Data for: Melatonin-dependent changes in neurosteroids are associated with increased aggression in a seasonally breeding rodent

Published: 17-01-2021| Version 1 | DOI: 10.17632/bc7p338xs2.1
Kathleen Munley,
Jessica Deyoe,
Catherine Adaniya,
Andrea Nowakowski,
Grace Murphy,
John Reinhart,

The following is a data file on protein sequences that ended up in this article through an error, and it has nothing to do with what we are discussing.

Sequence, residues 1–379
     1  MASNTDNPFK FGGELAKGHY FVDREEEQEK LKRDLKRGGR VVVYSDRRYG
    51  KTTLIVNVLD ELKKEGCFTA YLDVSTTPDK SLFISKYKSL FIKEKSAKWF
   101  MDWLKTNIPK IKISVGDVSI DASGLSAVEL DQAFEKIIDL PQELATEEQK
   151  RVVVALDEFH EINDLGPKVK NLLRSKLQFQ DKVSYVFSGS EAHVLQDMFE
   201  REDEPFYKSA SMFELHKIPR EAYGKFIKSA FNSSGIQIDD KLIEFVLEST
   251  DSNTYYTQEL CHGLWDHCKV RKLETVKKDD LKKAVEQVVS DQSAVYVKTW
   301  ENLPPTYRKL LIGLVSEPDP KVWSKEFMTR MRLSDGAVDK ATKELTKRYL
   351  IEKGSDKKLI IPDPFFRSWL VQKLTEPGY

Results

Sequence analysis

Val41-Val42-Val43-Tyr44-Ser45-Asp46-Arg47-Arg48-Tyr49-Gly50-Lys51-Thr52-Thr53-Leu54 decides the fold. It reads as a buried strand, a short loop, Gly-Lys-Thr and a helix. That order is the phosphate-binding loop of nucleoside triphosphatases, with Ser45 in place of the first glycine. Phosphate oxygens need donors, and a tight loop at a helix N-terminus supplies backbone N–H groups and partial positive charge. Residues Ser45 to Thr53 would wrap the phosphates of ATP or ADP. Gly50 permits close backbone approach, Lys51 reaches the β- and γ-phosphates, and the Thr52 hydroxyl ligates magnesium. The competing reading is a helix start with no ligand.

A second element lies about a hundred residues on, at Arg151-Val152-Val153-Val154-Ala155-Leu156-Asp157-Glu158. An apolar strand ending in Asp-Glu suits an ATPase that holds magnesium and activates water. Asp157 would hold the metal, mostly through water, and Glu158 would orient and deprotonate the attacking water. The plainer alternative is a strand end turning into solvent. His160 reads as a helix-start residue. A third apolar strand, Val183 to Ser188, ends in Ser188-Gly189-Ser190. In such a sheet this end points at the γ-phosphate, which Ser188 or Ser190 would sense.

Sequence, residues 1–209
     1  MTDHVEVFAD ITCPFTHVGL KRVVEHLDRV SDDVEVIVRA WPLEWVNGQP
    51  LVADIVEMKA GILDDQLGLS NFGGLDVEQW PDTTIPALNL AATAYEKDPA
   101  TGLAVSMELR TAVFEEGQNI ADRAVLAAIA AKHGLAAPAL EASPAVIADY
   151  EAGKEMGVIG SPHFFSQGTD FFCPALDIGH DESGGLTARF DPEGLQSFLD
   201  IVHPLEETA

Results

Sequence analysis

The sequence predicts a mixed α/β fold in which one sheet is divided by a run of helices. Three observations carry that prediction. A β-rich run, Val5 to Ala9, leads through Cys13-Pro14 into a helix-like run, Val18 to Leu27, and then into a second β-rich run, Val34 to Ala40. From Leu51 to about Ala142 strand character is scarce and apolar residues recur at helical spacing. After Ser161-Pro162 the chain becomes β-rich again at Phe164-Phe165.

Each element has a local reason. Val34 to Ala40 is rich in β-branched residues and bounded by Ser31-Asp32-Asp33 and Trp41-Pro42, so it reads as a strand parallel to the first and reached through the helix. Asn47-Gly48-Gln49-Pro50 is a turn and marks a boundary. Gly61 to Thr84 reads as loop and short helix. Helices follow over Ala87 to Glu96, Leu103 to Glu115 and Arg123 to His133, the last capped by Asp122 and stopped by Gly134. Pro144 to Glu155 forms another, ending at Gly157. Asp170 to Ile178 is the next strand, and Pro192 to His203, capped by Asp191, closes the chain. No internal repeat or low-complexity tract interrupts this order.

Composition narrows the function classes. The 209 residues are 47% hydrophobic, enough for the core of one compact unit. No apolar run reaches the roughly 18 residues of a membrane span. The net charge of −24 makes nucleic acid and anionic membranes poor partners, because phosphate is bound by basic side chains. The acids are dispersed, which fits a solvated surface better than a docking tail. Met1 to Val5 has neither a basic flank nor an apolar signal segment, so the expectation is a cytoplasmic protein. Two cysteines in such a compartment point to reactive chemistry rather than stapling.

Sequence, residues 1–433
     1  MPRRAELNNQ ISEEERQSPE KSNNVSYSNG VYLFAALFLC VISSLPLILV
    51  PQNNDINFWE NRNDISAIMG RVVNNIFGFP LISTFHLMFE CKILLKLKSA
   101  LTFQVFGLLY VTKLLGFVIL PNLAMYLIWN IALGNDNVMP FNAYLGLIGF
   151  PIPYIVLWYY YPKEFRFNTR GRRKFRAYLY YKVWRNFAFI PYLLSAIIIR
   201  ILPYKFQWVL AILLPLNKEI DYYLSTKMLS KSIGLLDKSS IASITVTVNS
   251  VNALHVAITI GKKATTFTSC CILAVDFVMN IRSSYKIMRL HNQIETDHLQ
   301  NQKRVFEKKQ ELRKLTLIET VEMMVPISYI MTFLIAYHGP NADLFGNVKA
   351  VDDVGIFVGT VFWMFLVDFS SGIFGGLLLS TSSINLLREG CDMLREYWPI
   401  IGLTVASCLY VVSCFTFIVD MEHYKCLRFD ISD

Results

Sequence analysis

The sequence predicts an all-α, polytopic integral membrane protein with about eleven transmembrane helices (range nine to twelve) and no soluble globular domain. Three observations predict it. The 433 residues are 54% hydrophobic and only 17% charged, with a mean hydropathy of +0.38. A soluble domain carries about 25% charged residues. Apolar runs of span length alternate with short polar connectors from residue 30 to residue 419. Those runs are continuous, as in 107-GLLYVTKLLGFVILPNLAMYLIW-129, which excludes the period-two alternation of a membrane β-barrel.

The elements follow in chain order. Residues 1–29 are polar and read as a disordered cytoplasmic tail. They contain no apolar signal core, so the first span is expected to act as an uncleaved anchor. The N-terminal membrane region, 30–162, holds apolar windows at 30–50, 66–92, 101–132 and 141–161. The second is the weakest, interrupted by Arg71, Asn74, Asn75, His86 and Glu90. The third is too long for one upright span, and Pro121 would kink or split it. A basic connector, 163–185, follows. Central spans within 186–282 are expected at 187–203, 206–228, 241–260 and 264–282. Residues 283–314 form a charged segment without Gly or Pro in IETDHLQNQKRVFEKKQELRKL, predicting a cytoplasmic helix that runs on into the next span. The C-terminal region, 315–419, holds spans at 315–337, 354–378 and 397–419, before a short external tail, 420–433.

Aggression is a complex social behavior that allows individuals to compete for access to limited resources (e.g., mates, food, and territories). Excessive or inappropriate aggression, however, has become problematic in modern societies, and current treatments are largely ineffective. While previous work in mammals suggests that aggressive behavior varies seasonally, seasonality is largely overlooked when developing clinical treatments for inappropriate aggression. Here, we investigated how the hormone melatonin regulates seasonal changes in neurosteroid levels and aggressive behavior in Siberian hamsters, a rodent model of seasonal aggression. Specifically, we housed males in long-day (LD) or short-day (SD) photoperiods, administered timed subcutaneous melatonin injections (which mimic a SD-like signal) or control injections, and measured aggression using a resident-intruder paradigm after 9 weeks of treatment. Moreover, we quantified five steroid hormones in circulation and in brain regions associated with aggressive behavior (lateral septum, anterior hypothalamus, medial amygdala, and periaqueductal gray) using liquid chromatography-tandem mass spectrometry (LC-MS/MS). SD hamsters and LD hamsters administered timed melatonin injections (LD-M) displayed increased aggression and exhibited region-specific decreases in neural dehydroepiandrosterone, testosterone, and estradiol, but showed no changes in progesterone or cortisol. Male hamsters also showed distinct associations between neurosteroids and aggressive behavior, in which neural progesterone and dehydroepiandrosterone were positively correlated with aggression in all treatment groups, whereas neural testosterone, estradiol, and cortisol were negatively correlated with aggression only in LD-M and SD hamsters. Collectively, these results provide insight into a novel neuroendocrine mechanism of mammalian aggression, in which melatonin reduces neurosteroid levels and increases aggressive behavior.